food imports should face similar ‘risk assessment inspections’
Suriname is to host the secretariat of a new intra-regional body, which Caribbean Community (Caricom) Heads of Government have agreed to establish to oversee an effective regime of sanitary and phytosanitary (SPS) measures for the region.
The creation and effective policing of strict health-related standards for Caricom territories was discussed at the recent 30th Regular Meeting of Caricom Heads against the backdrop of issues that have arisen in recent times regarding intra-regional trade in food products.
The final communique issued at the conclusion of the July 2-5 Summit alluded to “the urgent need to establish an effective regional regime of PSH measures” and mandated COTED to advise on arrangements for the setting up of a Caribbean Agricultural Health and Food Safety Agency (CAHFSA) which will be responsible for the administration of the PSH standards.
Caricom Heads also agreed on the establishment of “interim arrangements” for the execution of the functions of the CAHFSA until the body is set up.
At the meeting in Georgetown, issues arose over the consideration of regional PSH standards, and the impact of these on the smooth flow of intra-regional trade. Difficulties have arisen in recent times, particularly between Jamaica and Trinidad and Tobago.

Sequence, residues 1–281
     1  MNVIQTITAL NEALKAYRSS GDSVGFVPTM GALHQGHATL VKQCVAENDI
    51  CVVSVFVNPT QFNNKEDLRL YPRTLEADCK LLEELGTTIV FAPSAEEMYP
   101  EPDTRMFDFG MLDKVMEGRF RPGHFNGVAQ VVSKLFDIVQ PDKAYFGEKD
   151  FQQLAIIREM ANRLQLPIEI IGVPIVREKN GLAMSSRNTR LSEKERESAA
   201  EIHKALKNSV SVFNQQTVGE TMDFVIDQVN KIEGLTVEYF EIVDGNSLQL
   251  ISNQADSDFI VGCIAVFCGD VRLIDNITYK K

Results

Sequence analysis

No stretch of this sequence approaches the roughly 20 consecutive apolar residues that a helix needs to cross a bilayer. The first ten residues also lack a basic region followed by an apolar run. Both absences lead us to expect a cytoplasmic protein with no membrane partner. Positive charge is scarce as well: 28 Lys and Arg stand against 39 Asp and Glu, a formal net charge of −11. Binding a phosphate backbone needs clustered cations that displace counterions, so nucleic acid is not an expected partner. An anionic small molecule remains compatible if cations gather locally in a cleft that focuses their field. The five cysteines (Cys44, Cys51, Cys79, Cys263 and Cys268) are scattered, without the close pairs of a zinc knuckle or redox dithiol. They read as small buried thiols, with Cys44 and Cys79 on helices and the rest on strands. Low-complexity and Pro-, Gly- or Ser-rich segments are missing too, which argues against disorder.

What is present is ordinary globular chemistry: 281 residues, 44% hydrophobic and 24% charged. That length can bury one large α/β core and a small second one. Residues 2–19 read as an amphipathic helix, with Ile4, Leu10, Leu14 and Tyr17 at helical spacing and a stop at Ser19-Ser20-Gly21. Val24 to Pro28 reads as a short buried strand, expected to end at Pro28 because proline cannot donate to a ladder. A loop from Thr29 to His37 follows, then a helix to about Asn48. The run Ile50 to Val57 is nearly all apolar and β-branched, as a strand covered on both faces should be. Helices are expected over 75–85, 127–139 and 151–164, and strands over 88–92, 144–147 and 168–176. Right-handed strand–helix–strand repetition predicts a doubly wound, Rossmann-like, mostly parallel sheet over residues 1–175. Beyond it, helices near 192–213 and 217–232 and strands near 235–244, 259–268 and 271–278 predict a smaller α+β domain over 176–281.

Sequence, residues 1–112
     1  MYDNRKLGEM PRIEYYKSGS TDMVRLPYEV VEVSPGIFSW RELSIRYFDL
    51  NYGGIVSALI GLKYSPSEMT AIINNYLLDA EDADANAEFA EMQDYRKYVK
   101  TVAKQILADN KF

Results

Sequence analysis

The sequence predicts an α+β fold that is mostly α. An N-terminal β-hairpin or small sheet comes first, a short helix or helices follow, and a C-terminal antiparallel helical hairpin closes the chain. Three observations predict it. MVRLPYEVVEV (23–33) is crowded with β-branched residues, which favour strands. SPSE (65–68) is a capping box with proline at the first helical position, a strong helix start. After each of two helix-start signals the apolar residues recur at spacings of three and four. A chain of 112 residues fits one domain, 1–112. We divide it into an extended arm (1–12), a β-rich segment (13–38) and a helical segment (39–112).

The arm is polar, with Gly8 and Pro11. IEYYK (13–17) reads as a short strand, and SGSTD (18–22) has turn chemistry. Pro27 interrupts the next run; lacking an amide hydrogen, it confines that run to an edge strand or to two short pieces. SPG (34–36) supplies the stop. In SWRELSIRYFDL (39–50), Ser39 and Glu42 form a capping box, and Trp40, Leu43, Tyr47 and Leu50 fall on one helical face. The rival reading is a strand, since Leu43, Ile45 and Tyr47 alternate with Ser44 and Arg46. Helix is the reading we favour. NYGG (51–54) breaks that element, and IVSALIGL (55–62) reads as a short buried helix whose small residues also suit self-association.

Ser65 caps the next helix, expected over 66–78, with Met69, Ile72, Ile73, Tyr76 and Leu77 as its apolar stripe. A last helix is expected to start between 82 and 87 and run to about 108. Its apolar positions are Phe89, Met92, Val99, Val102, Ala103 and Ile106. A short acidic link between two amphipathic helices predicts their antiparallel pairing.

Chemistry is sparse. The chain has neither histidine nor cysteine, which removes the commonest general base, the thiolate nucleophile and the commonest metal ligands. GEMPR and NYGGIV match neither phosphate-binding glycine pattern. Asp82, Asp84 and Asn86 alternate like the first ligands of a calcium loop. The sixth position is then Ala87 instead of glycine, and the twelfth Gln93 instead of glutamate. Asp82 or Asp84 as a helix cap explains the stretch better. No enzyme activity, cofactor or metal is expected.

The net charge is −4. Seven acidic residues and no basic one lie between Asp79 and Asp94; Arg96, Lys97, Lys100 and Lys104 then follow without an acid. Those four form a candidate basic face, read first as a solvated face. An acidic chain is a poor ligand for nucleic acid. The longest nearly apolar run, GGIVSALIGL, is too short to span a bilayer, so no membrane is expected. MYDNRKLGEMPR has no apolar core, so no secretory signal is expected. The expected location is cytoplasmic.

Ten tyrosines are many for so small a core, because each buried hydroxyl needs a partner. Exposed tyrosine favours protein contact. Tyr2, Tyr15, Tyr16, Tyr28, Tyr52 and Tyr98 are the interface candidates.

Jamaican Prime Minister Bruce Golding has publicly expressed concern over issues relating to separate PSH standards in the various Caricom territories. Golding alluded to concerns which he said had been expressed by Jamaican exporters over the “hassles” associated with intra-regional trade. He pointed out that Jamaican businessmen had complained about difficulties associated with the recognition by other Caricom states of that country’s PSH standards in circumstances where there was extra-regional acceptance of those standards.
Heads of Government also agreed that Caricom member states “should extend to intra-regional new food products, treatment no less favourable than is extended to extra-regional new food product imports, including risk assessment inspections.”
PSH issues and other considerations that have impacted the effective implementation of the Caribbean Single Market (CSM) are expected to arise at a meeting, which regional leaders have agreed to convene to consider an audit of the CSM’s implementation. This was handed over at the recent meeting of Caricom Heads.
This newspaper has been reliably informed that a number of issues including those relating to concerns over the imposition of non-tariff barriers that militate against the spirit of the CSM are likely to be discussed.
Sections of private sector in Guyana have complained about difficulties they have faced in seeking to access regional markets for goods produced here. They have named other Caricom territories which they say have been seeking to maximize their own intra-regional exports while blocking imports from other countries.